Microsoft Patents 'IsNot'

Peter Maas peter at somewhere.com
Sat Nov 20 22:20:28 CET 2004


Jeff Shannon schrieb:
> Peter Maas wrote:
>> Isnot is semantically equivalent to the inequality operator which is
>> some hundred years old.
[...]
> Actually, looking at the patent claim, this is *not* semantically 
> equivalent to inequality.  It specifically mentions 'isNot' as something 
> that compares memory addresses, which in Basic are normally hidden.

Isnot is the inequality operator applied to memory addresses. That these
are hidden in VB, doesn't make this a new invention worth to be protected.
E.g. electrical power supplies are a pretty old thing. If somebody would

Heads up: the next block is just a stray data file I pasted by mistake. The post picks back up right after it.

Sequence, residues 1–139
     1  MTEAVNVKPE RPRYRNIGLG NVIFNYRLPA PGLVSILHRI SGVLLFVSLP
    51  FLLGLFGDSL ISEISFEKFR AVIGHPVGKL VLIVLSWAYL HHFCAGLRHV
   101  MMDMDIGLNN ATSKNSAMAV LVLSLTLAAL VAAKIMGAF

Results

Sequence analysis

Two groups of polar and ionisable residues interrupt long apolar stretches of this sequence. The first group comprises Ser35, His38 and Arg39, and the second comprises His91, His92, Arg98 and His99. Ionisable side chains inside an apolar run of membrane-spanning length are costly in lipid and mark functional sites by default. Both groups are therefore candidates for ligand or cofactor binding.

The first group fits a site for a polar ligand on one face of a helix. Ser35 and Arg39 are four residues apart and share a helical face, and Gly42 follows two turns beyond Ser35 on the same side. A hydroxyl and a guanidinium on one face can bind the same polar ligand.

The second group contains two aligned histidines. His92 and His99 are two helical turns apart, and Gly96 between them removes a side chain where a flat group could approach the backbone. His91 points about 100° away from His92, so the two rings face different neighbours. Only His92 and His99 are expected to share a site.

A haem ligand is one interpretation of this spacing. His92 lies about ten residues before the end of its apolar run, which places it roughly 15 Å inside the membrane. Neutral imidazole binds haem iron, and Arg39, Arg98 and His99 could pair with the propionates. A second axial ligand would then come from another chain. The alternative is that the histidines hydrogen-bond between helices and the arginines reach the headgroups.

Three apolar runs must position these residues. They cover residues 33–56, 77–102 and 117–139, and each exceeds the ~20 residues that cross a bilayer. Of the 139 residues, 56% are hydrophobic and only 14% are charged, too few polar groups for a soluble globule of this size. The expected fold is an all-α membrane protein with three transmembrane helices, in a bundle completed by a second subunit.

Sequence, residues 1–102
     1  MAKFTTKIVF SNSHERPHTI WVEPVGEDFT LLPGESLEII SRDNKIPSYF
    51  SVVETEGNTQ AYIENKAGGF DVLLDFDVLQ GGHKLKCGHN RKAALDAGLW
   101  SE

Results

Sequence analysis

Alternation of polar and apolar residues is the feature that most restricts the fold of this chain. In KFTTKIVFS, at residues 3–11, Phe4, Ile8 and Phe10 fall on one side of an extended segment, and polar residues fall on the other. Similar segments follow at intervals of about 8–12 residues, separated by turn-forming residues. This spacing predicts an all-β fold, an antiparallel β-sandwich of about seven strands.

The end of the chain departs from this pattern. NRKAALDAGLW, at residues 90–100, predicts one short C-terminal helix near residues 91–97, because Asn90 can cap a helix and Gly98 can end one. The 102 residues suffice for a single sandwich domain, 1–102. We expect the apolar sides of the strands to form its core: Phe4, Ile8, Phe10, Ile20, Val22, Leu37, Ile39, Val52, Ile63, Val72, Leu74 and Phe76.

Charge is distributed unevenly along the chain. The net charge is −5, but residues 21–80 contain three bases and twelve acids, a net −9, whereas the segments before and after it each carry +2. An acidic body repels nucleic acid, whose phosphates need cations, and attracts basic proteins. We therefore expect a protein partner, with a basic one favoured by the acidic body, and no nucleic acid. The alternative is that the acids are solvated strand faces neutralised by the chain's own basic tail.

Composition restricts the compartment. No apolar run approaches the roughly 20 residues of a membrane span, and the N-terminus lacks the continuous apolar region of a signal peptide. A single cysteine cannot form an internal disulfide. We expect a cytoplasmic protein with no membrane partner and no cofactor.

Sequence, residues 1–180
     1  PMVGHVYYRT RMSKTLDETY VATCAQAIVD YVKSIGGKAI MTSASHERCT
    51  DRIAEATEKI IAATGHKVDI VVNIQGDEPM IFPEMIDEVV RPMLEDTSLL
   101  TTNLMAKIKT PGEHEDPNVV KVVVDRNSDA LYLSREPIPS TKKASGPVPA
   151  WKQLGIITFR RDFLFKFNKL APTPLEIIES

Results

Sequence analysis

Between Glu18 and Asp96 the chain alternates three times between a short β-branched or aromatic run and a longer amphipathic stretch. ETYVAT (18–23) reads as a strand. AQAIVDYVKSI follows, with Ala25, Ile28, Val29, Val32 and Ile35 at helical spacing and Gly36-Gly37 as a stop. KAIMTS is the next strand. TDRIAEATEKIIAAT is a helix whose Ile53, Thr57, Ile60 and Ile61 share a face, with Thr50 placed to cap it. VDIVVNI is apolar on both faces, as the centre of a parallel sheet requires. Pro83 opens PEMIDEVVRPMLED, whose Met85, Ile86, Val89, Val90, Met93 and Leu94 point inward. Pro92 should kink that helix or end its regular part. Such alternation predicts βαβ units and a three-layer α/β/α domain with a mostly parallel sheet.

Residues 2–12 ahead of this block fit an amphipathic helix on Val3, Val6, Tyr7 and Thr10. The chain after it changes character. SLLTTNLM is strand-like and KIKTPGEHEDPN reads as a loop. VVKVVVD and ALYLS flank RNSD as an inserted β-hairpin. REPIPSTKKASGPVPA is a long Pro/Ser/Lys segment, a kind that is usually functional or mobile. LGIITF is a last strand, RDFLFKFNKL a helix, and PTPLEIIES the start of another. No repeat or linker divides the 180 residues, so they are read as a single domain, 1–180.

try to get a patent on the application of electrical power supplies to
TVs this would probably (hope so) rejected and so should the application
of the inequality operator to memory addresses.

> It's still a pretty questionable patent, though.  Even without anyone 
> explicitly having used 'is not' in Basic before, its prevalence in so 
> many other languages would seem to fail the "nonobvious" test 
> (supposedly) required for patent validity.

Could this patent be circumvented by writing "not (a is b)" instead
of "a is not b"? If that would be the case the patent claim would
be even more ridiculous.

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